(don't read if you don't want her recap of what will happen tomorrow night, however, cut and pasted so you don't have to check, there is the following)
Speaking of news, I have some of my own: this will be my last series on The Apprentice.
I have really enjoyed making the series and it will be a real wrench to say goodbye. But making The Apprentice takes up a large chunk of time each year, and that’s time I could, indeed should, be spending on my studies: I am working on a PhD in papyrology at University College London, studying documents found in Egypt and written in ancient Greek. I have not made nearly as much progress as I would like over the last few years – and I want to finish my degree before I need a Zimmer frame to get up on the platform to receive it. Unfortunately The Apprentice is just too much of a distraction: I must get on! So I decided a while ago that I would not do another series.
When we made the first series of The Apprentice for BBC Two in 2004/5, we had no idea how popular it would be or how long it would run. I thought it would just be a one-off… Yet here we are five series later, and the show just seems to get better and more popular in its new home on BBC One. It has been a great experience, including meeting the people whose expertise contributes to the weekly tasks, from architects to fishmongers.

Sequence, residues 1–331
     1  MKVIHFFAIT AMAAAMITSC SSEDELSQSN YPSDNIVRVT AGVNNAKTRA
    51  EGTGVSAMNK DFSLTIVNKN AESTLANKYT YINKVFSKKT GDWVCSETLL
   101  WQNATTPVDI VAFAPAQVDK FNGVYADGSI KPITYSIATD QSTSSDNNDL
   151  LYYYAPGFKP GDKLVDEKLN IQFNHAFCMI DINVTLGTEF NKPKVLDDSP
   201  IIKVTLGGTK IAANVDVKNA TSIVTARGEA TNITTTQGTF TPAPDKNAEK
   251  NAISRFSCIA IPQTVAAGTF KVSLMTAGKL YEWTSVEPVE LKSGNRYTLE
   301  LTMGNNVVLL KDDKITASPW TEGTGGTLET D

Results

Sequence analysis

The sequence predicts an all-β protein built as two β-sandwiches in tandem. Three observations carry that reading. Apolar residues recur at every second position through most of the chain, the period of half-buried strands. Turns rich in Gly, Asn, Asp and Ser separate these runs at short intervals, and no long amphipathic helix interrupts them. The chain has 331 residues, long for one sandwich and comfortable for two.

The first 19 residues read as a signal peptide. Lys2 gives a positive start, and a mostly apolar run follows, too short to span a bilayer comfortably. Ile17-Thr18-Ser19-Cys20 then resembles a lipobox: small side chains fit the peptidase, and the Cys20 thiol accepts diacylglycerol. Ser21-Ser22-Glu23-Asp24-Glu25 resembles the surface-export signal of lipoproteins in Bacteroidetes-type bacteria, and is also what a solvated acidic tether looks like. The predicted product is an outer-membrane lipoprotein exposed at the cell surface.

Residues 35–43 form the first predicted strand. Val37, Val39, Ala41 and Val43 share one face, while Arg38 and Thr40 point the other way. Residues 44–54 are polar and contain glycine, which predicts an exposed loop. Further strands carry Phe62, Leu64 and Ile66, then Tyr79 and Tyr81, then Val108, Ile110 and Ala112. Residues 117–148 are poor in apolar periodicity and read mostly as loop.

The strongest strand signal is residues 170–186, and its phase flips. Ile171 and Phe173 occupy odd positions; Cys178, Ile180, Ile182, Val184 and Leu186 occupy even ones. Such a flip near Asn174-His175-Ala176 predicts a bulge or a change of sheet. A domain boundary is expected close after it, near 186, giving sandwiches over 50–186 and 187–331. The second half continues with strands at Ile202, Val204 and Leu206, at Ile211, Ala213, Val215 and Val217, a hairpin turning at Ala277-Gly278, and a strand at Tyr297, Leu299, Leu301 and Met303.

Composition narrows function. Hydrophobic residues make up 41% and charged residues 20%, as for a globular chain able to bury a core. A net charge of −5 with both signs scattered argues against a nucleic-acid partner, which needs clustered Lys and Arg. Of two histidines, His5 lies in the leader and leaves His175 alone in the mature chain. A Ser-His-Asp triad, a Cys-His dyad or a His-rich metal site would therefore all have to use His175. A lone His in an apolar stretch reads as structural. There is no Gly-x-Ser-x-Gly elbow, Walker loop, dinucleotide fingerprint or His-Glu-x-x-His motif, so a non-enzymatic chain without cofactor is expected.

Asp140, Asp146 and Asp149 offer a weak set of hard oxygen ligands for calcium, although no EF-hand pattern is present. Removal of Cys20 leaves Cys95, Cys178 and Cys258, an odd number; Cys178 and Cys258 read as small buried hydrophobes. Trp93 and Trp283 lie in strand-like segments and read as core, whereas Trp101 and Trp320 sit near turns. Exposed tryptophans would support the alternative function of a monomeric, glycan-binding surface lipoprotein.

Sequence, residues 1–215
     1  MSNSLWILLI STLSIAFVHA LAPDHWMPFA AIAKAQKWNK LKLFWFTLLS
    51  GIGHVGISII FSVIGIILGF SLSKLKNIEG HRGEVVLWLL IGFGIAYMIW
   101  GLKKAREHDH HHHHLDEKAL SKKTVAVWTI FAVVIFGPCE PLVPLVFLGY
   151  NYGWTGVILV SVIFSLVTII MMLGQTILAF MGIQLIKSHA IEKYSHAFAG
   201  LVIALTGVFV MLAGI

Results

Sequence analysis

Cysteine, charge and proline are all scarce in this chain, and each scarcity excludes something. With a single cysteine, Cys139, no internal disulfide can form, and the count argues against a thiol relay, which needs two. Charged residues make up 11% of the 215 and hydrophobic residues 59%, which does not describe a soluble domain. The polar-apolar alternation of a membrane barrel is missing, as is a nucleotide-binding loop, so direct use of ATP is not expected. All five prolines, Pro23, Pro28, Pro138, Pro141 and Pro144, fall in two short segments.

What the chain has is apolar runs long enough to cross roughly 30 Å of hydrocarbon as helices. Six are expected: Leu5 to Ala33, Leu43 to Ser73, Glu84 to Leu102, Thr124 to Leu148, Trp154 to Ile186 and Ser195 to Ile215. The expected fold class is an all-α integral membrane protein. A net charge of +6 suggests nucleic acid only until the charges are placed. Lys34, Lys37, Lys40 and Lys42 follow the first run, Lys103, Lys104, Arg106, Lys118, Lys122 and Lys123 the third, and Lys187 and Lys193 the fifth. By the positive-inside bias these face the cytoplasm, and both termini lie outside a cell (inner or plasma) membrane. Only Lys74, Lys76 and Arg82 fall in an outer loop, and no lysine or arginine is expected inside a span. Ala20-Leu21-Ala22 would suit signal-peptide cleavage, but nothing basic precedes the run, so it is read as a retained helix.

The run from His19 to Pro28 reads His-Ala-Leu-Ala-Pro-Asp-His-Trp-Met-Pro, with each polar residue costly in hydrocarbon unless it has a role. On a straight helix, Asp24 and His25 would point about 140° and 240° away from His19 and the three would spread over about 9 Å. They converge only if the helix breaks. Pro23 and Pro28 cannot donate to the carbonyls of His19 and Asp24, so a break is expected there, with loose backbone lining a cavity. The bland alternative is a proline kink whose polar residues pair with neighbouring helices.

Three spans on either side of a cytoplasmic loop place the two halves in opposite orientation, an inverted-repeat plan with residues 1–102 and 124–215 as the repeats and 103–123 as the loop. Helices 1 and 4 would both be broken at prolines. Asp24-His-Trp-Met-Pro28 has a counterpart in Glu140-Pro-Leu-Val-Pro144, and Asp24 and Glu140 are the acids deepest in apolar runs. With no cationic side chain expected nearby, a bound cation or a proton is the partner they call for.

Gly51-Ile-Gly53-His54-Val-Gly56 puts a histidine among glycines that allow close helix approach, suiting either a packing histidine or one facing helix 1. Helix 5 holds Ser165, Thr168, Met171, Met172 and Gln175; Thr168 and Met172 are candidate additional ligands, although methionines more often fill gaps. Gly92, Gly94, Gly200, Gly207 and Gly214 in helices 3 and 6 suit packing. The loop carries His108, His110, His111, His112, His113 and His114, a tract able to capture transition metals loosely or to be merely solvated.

I never had any desire for fame or TV stardom, but I’ve enjoyed discovering the world of making television, and all the very hard-working people in it – the runners, cameramen and sound guys work incredibly long hours and are always patient and cheerful. In particular, I’d like to thank three of the senior production team – Michele Kurland, Colm Martin and Andy Devonshire – for making it such a pleasure. I mustn’t forget the long-suffering make-up artist, Mandy Furlonger – unfortunately, I do tend to squeal when someone else tries to put make-up on me. And I will miss being part of the Nick ’n’ Margaret combination (he likens it to fruit and nut!).
And finally, of course, there’s Sir Alan. Working with him over the years in a variety of business contexts, and latterly on The Apprentice, has been a fantastic experience. Sir Alan has known for a long time that this series would be my last, and this hasn’t affected our friendship in the slightest. I shall miss working with him, and I would like to wish him – and his new apprentice, whoever she may be – all the very best.